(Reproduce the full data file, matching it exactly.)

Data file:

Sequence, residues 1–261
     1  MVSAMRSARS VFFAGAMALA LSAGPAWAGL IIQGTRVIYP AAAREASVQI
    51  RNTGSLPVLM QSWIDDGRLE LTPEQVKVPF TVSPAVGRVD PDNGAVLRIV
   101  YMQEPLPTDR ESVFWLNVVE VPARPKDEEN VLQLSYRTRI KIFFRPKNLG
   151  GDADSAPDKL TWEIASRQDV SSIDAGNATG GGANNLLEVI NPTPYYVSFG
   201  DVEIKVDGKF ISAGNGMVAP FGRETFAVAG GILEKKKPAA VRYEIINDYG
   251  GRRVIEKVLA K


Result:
Sequence, residues 1–261
     1  MVSAMRSARS VFFAGAMALA LSAGPAWAGL IIQGTRVIYP AAAREASVQI
    51  RNTGSLPVLM QSWIDDGRLE LTPEQVKVPF TVSPAVGRVD PDNGAVLRIV
   101  YMQEPLPTDR ESVFWLNVVE VPARPKDEEN VLQLSYRTRI KIFFRPKNLG
   151  GDADSAPDKL TWEIASRQDV SSIDAGNATG GGANNLLEVI NPTPYYVSFG
   201  DVEIKVDGKF ISAGNGMVAP FGRETFAVAG GILEKKKPAA VRYEIINDYG
   251  GRRVIEKVLA K